If you haven't written any code in the application's delegate (or have removed everything you had put there into new and better-delineated classes), such that all that's left are empty method bodies or none at all, you can safely remove the application's delegate. You can always create it again later if you change your mind.

Note that if you delete your application delegate class, you should also change the main.m file—or the MainMenu/MainWindow nib, if you have one—to not refer to it. Your application won't build if your UIApplicationMain call (or any other code) refers to a class that doesn't exist, and it will crash if your MainMenu/MainWindow nib (or any other nib) refers to a class that doesn't exist.

There is no shame in your application having a delegate if you need it to, but if you don't, removing it and the class you were using for it eliminates future temptation to stuff code there or use it to store third-order globals.

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thank you for a very very detailed answer, this is exactly what I was looking for. –  Cristian Apr 16 '12 at 11:31
  1. The point of using objects in interface builder is to connect methods of the object to UI elements.

  2. It partly depends on what your methods are doing, but for the most part the app delegate class is going to be left alone. It isn't an actual requirement (your program will work either way) but it is common practice because it generally creates more maintainable code. The app delegate should just handle the application events ( using other classes to do any complex logic or heavy lifting ).

  3. The 'main' file will most likely not change. I can't think of any reason to do so, but I wouldn't rule it out for some advanced cases.

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To be honest I only used the Object thing in IB once, when I wanted a separate object to have some UI bindings.

About the app delegate and main file, yes, you'll leave them as-is most of the time. But if you try to do something besides test apps you'll need to handle open events to, for example, connect to a server, ask the user for a review, increment some launch counter, etc... Those are just examples!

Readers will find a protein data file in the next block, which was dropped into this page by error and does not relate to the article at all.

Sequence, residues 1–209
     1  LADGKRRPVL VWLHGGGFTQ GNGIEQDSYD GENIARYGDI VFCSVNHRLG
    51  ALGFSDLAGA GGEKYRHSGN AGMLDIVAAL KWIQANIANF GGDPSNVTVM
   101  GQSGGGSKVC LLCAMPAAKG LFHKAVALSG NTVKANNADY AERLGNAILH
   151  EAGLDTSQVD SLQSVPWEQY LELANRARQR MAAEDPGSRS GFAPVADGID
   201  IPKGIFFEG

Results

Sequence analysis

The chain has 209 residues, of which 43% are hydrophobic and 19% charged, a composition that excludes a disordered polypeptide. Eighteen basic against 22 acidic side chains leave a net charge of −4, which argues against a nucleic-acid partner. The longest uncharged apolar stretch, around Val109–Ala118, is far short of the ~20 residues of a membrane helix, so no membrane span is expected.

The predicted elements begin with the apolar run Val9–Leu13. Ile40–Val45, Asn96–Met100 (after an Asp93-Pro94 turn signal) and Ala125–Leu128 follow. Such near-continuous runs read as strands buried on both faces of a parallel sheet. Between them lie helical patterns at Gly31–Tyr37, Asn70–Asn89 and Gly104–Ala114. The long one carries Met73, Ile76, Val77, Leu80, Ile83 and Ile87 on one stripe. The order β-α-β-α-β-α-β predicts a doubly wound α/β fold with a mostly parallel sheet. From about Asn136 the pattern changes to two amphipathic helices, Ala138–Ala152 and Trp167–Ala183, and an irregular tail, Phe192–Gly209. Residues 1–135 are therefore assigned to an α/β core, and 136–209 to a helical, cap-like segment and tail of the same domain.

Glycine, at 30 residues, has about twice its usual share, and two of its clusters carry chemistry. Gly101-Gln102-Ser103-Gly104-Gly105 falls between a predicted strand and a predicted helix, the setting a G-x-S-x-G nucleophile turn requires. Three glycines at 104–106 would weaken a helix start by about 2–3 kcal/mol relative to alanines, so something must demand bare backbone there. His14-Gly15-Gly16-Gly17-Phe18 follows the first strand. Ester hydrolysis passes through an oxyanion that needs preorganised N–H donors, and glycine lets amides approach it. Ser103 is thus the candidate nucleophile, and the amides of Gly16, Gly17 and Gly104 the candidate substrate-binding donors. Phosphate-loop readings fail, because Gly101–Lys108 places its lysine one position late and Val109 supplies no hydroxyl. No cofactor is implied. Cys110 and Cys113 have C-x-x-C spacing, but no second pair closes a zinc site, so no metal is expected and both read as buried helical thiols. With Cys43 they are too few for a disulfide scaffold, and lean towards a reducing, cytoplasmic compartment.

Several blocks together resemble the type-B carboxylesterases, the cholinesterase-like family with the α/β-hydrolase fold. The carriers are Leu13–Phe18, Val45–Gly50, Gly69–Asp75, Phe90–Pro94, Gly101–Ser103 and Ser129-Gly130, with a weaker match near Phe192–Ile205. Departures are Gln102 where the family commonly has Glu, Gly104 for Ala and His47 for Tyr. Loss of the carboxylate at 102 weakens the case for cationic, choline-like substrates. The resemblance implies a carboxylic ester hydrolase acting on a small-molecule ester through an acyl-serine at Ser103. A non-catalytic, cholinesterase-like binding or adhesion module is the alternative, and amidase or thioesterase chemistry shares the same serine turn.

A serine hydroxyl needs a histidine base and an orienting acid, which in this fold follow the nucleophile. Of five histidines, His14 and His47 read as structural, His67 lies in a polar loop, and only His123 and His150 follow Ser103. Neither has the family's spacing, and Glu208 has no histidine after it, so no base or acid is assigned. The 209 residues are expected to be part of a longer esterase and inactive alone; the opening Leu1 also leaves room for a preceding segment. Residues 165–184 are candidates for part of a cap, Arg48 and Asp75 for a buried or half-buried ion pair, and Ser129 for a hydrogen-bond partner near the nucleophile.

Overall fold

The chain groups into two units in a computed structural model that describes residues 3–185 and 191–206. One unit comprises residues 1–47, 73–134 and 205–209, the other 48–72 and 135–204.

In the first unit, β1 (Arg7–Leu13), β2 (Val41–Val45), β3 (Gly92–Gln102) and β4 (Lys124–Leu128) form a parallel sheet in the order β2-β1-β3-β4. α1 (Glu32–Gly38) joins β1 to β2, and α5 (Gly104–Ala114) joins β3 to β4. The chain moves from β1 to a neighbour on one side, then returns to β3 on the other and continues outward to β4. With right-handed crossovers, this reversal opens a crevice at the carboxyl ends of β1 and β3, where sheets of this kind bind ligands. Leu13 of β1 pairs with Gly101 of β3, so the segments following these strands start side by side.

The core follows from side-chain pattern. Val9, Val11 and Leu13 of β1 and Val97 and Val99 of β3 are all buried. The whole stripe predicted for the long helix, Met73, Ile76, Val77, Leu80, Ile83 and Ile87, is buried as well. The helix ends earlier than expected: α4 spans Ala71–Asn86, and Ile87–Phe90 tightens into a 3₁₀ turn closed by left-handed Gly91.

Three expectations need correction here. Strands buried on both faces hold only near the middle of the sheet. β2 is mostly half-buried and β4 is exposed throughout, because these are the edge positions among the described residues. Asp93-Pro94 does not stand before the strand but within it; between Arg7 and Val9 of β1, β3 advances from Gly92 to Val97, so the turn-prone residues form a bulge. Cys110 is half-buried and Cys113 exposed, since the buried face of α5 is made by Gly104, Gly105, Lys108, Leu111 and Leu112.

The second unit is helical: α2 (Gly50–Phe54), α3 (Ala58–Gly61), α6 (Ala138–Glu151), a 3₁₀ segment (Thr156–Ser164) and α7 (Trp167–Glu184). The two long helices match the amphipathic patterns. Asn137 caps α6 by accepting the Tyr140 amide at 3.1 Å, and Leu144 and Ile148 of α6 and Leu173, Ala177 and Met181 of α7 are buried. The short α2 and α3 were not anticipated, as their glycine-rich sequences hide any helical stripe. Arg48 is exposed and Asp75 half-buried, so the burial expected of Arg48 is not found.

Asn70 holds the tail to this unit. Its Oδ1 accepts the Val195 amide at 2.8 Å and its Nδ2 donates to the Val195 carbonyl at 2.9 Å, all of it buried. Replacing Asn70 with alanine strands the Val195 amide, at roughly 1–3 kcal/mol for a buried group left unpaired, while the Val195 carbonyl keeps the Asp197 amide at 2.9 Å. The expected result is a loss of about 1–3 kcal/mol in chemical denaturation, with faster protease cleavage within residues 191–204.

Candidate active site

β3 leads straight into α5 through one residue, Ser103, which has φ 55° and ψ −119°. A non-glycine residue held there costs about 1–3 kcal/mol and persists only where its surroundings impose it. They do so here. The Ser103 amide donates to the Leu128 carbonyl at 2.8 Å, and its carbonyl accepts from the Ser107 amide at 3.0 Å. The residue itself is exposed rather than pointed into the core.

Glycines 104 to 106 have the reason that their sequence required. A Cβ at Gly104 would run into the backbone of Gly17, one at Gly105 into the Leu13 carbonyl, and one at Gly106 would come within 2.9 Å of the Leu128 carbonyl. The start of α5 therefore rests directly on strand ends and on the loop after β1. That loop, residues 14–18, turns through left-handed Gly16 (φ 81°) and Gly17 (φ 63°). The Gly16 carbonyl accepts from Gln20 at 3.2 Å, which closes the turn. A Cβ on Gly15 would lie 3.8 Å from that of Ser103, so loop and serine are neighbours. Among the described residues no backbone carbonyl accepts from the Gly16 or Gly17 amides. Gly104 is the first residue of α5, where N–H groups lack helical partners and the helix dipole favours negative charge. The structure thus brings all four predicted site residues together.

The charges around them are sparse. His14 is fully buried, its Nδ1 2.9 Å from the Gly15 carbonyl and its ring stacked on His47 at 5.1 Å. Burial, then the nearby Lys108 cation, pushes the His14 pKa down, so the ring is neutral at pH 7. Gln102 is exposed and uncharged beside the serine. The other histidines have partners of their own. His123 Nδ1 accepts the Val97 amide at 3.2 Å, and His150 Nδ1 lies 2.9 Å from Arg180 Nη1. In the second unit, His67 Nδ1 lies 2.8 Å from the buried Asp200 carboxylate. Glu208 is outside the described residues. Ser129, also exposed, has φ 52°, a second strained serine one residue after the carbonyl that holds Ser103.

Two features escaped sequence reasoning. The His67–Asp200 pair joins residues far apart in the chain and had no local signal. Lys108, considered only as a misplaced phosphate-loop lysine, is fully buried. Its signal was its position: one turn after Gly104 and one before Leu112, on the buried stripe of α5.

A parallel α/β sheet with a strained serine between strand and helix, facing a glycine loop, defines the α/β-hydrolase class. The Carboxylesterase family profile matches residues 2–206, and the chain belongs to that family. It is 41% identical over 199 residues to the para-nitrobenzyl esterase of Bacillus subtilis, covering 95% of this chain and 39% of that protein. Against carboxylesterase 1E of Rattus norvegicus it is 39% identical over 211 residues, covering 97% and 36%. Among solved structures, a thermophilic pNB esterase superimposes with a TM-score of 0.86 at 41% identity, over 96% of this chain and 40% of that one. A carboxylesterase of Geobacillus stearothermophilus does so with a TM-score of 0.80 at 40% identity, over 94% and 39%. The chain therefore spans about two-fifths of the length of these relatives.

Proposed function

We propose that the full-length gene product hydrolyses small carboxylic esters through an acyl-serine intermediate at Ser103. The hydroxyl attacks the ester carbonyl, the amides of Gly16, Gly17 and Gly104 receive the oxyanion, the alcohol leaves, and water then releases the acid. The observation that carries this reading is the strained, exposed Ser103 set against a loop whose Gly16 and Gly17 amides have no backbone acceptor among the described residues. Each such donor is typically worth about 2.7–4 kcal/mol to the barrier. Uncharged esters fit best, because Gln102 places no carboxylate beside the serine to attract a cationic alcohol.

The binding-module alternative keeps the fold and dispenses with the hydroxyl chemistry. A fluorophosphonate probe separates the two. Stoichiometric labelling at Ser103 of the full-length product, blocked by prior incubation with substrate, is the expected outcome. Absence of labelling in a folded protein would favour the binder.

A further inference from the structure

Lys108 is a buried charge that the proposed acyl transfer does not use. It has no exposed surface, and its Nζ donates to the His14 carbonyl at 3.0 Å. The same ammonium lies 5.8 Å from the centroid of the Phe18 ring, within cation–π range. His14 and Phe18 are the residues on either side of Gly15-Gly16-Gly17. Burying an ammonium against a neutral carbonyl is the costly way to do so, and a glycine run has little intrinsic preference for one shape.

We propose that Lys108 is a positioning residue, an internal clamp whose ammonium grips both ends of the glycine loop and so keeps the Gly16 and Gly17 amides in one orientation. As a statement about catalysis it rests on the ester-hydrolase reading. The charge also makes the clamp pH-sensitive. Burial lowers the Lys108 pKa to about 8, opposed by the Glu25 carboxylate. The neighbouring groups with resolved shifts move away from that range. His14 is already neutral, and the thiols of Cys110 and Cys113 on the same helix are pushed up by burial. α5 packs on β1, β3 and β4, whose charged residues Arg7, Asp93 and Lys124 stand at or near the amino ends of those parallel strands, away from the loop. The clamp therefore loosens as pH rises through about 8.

The main file I advise you to left it alone and use the object oriented tools provided. You should have a view controller hierarchy, isolate your views from the data, and use the view controller to comunicate between view and model. Read about MVC if you want more info on how your application should be organized.

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thanks for the explanation. last question: what do you mean view controller hierarchy? and isolating views? thanks again –  Cristian Apr 15 '12 at 1:21
    
Have a look at the MVC link. But in a nutshell, you should always have a model (for example a class that can be queried for info, stored on your database), a controller (a class that handles user events and that queries the model and set's the info on your views) and a view (that has the drawing code, view hierarchy, etc). The view controller hierarchy is for example TabBarController->TableViewController->InfoController->Edit Controller. It's more like a storyboard, but I like to think of it as a hierarchy. –  fbernardo Apr 15 '12 at 1:27
    
coming from scripting where you throw everything into one file, all this stuff seems awfully confusing. Either way, thanks v much for your detailed answers. –  Cristian Apr 15 '12 at 1:30
    
Keep learning, you'll see all this will actually help you to better organize your code. It will also help you porting it. When you use MVC correctly, replacing/extending the model becomes very easy. –  fbernardo Apr 15 '12 at 1:36
    
last thing, would i be correct in saying that controllers are the objects and methods, and views are the interface you build? –  Cristian Apr 15 '12 at 1:51